The CDC relaxed its mask guidelines Friday after the agency acknowledged the risk of severe COVID-19 cases has gone down.

Instead of looking only at confirmed COVID-19 case counts, the agency will take a more holistic view of the risk the virus poses to communities and incorporate a different set of metrics before recommending mask guidelines to certain locales. 

Masked passenger line up at security at Ronald Reagan Washington National Airport in Arlington on Feb. 19.

Masks were recommended for people who live in areas that have substantial or high transmission, which accounted for about 95 percent of US counties. The CDC will also factor in hospitalization rates and infirmary capacities before issuing mask recommendations.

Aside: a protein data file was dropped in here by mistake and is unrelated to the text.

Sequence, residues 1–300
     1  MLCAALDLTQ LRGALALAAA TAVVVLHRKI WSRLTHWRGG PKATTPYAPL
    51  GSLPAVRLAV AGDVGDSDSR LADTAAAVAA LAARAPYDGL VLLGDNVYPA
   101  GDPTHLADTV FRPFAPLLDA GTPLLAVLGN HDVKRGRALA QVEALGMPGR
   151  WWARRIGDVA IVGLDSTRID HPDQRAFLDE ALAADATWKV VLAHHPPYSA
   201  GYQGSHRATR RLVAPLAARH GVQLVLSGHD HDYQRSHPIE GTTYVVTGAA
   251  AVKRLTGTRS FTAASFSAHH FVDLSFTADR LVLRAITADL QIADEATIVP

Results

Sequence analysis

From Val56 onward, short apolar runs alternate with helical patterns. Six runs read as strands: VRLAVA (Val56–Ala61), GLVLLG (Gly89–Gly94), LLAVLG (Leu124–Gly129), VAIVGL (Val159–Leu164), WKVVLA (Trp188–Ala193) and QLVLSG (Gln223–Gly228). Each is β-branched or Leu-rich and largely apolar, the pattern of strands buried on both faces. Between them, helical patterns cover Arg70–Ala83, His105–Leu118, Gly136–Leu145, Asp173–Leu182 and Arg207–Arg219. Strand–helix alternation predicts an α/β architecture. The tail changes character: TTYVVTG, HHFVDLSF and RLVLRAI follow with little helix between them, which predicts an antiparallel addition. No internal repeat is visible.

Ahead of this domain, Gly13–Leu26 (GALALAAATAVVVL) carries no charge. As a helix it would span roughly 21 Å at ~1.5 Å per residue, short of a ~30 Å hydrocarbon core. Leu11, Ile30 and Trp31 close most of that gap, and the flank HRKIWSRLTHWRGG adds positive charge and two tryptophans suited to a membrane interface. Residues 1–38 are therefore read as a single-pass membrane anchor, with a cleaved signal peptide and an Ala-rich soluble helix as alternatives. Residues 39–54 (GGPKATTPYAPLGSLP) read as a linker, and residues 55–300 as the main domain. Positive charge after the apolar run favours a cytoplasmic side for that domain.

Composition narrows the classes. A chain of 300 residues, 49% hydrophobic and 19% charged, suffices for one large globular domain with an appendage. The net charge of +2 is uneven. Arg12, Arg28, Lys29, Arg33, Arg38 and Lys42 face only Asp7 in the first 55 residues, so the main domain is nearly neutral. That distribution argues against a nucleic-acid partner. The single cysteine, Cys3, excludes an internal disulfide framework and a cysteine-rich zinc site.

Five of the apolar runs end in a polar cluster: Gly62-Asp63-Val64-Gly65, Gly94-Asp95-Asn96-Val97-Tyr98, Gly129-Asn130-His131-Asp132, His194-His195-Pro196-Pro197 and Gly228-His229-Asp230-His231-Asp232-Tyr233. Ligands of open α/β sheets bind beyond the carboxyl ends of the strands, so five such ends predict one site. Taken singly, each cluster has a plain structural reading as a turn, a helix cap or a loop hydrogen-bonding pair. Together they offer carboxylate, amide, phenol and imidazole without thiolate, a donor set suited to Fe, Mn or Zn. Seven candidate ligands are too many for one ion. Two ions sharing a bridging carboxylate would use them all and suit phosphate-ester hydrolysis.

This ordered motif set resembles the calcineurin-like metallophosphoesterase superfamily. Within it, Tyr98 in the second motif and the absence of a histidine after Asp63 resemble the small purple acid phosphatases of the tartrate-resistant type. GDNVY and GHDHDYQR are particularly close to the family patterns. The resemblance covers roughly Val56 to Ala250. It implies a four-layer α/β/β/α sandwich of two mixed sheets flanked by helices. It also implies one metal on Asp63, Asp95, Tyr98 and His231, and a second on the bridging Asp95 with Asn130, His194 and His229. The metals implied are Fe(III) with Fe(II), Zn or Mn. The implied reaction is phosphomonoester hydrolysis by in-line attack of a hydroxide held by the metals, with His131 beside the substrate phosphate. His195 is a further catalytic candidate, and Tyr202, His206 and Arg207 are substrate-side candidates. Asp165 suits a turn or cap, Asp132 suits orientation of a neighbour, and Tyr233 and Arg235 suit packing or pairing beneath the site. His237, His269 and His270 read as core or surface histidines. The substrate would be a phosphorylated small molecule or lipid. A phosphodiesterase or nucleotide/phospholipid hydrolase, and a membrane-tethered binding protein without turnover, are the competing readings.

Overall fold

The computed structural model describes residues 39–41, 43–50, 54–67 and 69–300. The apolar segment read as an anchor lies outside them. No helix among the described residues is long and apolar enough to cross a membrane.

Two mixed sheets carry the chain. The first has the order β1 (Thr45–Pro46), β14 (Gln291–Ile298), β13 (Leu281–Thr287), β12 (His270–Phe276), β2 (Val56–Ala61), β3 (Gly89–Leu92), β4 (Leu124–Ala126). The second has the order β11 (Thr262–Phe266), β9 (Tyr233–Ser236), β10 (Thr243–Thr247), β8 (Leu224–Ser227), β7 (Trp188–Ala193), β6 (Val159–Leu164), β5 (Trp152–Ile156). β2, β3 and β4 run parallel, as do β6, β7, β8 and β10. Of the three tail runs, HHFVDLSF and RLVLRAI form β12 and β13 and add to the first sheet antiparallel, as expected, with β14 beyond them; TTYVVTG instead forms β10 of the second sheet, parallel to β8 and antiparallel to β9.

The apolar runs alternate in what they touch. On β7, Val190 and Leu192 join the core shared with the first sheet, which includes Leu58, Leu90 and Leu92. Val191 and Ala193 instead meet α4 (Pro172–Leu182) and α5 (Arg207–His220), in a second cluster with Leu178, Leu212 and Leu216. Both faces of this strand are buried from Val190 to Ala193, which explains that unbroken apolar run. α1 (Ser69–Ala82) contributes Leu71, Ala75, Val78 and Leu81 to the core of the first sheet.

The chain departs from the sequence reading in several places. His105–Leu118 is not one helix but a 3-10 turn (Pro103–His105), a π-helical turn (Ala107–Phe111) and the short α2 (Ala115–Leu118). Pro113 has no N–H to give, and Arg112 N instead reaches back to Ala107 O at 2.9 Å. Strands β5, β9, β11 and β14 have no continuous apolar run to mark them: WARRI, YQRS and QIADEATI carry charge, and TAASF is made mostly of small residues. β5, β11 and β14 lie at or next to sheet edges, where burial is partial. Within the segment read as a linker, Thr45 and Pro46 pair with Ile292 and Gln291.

Under the new guidelines, most US counties no longer meet the threshold at which indoor masking in public is recommended. 

Following the arrival of the Omicron variant at the end of last year, confirmed cases of the virus skyrocketed across the country, prompting most states to reinstate indoor mask requirements but as cases and hospitalizations continue to fall, many have scrapped the directive. 

People make their way into Truist Park as they pass signage thanking fans for wearing a face mask per CDC guidelines.

The loosened guidelines come as the Biden administration shifts its focus from preventing all infections and moves to manage the virus as an endemic problem.

While the Omicron variant is highly transmissible, the risk of severe disease is far lower than previous strains, especially among the vaccinated and boosted.